If any of these latter is a true measure of human success in civilized circumstances–and only an uncivilized brute or a robot could doubt that all are so–then our contemporary megalopolis is, in fact, retrogressing.  I am well aware–painfully and indignantly aware–that some among us, perhaps many, don’t give a fig about the lost world of our grandparents; that they would regard shaded sidewalks and neighborhood diners as a recipe for deadly tedium, and that they would kick and scream if deprived of their cocktails in first class served by blonde models, their business lunches in cordon bleu restaurants covered by expense accounts, and their nights on the throbbing, luminous town in the company of professional escorts.  I think the vapid, push-button brats of “technopoly” should certainly have the “darkness visible” of their Big Apples and Big Easies as long as their patronage suffices to pay for the operation of such costly fantasies.  I cannot, however, see a speck of justification for their visiting misery upon the rest of us in order to protract their naughty childhood.

For contrary to popular impression, preserving human settlements does not require a vast legislative umbrella of artificial nurture, like the habitat of an endangered species.  The high-tech megalopolis, rather, is that setting which feeds on the artificial intrusions of big government and big business.  Urban life on a human scale has existed for thousands of years: it has perfectly overlapped, until very recently, the decision of humans to live in towns.  (Yes, I am having my ironic joke–but how absurd it is, on the other hand, for progressive to imagine that we would soon perish unless smothered in “convenience”!)  If 500 refugees were stuck for months on an island after the ditching of a jumbo jet–if, for some reason, they concluded that they would pass the rest of their lives in this isolation–the order established within a year would feature a degree of safety, helpfulness, and general neighborliness which would shame our most “advanced” capitals of progress today.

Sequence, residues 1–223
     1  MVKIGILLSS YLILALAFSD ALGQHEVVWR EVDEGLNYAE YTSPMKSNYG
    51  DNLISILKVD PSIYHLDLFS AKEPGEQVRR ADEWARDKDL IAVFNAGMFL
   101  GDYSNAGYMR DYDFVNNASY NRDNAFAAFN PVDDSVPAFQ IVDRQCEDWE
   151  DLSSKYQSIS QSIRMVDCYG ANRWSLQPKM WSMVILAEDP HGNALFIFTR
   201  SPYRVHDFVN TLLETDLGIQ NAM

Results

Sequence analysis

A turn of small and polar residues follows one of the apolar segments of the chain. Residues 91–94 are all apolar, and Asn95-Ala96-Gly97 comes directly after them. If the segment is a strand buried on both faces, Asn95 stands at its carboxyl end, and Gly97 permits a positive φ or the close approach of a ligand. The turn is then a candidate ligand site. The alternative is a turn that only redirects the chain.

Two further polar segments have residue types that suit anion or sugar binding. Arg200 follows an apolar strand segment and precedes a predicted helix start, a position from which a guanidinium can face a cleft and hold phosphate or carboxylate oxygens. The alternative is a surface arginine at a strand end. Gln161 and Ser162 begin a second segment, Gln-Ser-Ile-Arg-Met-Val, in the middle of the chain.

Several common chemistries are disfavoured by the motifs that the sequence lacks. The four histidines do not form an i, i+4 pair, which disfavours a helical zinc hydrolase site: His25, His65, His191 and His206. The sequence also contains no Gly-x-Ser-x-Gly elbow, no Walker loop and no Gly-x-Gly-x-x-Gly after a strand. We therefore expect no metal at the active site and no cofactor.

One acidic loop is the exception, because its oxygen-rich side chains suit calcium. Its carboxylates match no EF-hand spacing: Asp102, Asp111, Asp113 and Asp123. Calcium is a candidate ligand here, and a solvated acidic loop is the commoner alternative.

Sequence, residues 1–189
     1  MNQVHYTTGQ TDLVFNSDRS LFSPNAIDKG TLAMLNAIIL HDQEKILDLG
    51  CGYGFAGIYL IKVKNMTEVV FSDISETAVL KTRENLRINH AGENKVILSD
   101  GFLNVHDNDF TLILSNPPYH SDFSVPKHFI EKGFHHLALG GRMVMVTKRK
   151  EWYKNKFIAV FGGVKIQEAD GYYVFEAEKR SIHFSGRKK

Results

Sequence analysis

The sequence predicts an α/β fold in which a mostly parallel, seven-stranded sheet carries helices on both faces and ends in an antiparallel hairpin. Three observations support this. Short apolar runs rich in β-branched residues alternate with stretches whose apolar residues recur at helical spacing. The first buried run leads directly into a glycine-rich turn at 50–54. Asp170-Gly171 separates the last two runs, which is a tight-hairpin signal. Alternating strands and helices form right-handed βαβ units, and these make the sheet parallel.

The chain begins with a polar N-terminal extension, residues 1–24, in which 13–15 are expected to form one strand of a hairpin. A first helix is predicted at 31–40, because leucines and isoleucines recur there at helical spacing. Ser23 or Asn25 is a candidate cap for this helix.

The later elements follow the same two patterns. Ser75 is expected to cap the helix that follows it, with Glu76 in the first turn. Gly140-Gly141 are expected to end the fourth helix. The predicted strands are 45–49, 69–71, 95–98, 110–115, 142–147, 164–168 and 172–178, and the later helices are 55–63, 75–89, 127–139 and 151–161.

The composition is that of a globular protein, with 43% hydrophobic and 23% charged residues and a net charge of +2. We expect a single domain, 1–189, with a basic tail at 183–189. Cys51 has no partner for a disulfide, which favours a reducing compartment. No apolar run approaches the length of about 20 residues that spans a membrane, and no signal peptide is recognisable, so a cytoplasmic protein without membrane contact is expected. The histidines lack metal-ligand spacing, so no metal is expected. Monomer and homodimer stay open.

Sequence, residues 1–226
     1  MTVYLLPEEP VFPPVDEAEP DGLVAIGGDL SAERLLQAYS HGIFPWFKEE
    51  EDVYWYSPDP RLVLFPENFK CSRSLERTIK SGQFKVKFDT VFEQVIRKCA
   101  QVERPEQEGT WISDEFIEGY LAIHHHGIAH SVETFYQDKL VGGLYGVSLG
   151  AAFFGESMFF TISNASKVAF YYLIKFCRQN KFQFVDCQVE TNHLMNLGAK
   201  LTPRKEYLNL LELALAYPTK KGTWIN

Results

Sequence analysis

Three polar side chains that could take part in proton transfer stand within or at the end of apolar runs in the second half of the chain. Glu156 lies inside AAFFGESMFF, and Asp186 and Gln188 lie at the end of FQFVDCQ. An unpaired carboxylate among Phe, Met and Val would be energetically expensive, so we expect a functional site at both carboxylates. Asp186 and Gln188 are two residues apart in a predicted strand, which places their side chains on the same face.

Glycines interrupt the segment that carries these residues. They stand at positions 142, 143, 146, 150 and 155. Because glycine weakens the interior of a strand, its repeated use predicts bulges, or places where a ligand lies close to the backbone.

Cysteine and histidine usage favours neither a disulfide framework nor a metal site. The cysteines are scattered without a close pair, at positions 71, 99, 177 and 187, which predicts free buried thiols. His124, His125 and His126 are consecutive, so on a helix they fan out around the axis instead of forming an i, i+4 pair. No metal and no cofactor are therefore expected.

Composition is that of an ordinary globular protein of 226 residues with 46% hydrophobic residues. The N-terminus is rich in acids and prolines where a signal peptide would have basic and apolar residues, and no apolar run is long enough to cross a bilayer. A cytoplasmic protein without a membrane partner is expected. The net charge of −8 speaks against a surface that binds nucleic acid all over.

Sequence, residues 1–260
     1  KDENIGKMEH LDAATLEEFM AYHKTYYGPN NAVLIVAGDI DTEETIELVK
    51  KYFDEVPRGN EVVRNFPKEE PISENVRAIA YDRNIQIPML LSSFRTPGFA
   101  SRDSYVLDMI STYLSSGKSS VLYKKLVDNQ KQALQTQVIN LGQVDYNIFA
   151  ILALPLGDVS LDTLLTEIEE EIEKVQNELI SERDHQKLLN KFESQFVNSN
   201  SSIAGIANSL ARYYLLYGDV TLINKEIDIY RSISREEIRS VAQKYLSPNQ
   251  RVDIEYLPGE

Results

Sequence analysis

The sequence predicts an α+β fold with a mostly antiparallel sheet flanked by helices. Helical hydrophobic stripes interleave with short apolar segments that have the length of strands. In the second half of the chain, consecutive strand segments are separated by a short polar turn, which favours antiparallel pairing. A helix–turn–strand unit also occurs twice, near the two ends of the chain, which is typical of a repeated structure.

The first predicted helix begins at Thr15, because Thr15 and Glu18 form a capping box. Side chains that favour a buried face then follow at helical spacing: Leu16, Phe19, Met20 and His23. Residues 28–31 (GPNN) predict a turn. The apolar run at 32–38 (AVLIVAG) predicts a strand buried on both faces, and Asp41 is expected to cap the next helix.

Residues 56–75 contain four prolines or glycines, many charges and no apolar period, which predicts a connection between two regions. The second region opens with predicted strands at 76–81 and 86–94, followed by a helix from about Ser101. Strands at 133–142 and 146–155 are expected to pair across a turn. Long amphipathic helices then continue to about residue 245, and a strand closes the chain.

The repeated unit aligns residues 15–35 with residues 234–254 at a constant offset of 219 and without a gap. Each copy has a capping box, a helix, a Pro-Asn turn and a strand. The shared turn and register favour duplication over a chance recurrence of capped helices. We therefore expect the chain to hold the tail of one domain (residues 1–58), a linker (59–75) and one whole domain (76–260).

So the state of contemporary cities cannot be explained to most sane adults by the sheer joy of living in them.  In what respects are these near-chaotic places the malignant manifestation of a public-private sector pathology rather than the robust prow of Progress’s advancing ship?  Allow me to begin by remarking a few untreated infections latent in modern economic and political life: